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Mystery Of Jane Austen’s Inscribed Gift Of “Emma’ To Her Friend Anne Sharp For Sale At Bonhams

jane-austen.jpgA rare presentation copy of a first edition book by one of England’s greatest female novelists will be sold for an estimated £50,000 at Bonhams on 24 June at 101 New Bond Street, London. The three-volume set of Emma by Jane Austen (1775-1817) – author of Pride & Prejudice, and Sense & Sensibility – is inscribed on behalf of Austen to her friend and governess Anne Sharp.

The British vendor of the book, who wishes to remain anonymous, says: “The novel had been sitting in my family library for at least three generations and it remains a mystery as to how the book first got there.”

Jane Austen’s publisher was asked by the author to send out twelve presentation copies to friends and family. The copy to be sold by Bonhams was the last on Austen’s list, and was sent to Anne Sharp, who, initially, had been governess to the children of Jane Austen’s brother Edward, and later had remained her good friend.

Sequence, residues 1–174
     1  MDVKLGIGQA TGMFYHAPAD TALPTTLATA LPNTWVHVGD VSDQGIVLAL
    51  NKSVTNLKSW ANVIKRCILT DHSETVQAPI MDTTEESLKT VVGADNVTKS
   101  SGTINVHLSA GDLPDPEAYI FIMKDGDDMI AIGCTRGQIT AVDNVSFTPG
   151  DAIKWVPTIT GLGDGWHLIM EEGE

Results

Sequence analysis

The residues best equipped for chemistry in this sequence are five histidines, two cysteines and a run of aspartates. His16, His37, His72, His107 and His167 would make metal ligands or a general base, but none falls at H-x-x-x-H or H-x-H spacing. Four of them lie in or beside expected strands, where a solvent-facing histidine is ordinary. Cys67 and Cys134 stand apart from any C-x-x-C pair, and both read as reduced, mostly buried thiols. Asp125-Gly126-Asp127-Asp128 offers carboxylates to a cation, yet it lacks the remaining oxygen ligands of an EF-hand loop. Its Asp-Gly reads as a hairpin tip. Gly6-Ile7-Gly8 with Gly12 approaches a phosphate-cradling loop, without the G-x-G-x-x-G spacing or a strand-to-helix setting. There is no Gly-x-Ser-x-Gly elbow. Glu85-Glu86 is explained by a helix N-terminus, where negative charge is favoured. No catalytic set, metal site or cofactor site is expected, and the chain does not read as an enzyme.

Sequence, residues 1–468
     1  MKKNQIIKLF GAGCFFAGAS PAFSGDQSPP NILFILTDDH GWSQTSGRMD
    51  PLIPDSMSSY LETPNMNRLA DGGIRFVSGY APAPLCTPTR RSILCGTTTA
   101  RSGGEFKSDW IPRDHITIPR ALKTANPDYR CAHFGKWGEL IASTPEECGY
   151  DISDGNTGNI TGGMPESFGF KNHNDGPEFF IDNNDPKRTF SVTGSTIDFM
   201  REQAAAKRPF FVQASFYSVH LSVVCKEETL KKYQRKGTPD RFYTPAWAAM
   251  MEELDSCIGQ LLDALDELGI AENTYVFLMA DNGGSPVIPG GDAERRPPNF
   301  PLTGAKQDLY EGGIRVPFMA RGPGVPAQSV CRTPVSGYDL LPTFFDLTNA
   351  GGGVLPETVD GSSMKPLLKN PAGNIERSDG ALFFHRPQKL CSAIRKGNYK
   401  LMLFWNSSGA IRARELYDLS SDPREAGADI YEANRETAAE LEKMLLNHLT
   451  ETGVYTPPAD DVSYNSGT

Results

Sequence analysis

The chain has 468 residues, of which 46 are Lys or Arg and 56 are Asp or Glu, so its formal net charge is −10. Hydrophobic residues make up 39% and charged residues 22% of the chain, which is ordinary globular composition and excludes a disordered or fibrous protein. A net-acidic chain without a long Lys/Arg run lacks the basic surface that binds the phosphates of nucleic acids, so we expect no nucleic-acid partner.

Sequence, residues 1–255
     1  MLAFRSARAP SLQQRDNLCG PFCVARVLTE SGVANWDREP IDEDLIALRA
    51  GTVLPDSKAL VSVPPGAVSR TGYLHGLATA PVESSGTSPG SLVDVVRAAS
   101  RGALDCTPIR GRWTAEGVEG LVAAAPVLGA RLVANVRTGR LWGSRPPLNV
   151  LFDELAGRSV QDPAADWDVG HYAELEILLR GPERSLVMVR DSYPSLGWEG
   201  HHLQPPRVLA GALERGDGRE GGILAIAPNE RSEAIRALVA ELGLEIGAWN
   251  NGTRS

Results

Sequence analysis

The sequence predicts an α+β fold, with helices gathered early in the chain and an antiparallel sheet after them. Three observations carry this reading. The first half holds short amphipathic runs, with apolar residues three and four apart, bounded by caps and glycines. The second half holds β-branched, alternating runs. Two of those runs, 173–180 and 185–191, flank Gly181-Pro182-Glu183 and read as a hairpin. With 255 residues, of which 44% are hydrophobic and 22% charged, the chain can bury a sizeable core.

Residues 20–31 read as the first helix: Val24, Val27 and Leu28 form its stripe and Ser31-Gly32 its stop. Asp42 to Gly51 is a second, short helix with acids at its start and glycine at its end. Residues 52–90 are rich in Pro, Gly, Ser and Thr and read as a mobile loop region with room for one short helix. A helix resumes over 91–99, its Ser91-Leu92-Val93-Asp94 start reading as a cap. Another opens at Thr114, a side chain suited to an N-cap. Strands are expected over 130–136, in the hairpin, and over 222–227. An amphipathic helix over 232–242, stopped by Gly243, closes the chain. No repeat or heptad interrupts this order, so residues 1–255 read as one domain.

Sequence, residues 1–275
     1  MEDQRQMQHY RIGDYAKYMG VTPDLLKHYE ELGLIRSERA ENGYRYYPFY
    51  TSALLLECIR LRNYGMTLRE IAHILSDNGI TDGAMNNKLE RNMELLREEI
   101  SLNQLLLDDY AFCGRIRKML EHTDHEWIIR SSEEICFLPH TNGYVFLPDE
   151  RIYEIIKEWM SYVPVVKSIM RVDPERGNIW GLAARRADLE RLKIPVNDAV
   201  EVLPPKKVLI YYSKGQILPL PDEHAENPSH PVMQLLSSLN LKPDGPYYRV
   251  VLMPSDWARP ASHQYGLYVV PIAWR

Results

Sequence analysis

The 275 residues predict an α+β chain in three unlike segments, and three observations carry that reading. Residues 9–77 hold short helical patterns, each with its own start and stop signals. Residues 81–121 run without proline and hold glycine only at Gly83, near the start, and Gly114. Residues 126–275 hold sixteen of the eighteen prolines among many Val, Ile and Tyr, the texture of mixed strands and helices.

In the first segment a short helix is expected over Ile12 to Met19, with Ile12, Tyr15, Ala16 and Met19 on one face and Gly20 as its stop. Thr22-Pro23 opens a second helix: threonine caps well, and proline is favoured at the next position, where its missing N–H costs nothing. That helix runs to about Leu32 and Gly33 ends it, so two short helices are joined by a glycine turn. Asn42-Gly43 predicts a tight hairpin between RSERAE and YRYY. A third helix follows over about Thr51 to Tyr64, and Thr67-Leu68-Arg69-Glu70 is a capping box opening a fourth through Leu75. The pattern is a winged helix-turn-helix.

Jane Austen was evidently influenced by her friend’s occupation – creating the governess character of Miss Taylor in her novel Emma.

Bonhams has a strong track record of achieving high prices for first edition copies of classic literature. In March 2008, Bonhams sold a rare inscribed first edition of J R R Tolkien’s The Hobbit for a world-record breaking £60,000 and in November 2007, it sold a rare first edition of Emily Brontë’s tragic love story Wuthering Heights for £114,000.

The story of Emma was first published in 1816 and follows the perils of misconstrued romance in Regency England. Emma Woodhouse, a young woman of age 21, is the novel’s main character and is described in the opening paragraph as “handsome, clever, and rich” but also “slightly” spoiled. She lives in the village of Highbury with her hypochondriac father and vows that she will never marry. Emma’s friend and only critic is the gentlemanly Mr Knightly – her “neighbor” and brother of her sister’s husband. As the novel opens, Emma has just attended the marriage of Miss Taylor, her old governess and best friend and having introduced Miss Taylor to her future husband, Mr Weston, Emma smugly takes credit for their marriage, and, despite being advised not to by Mr Knightly, embarks on a further bout of matchmaking with disastrous effects.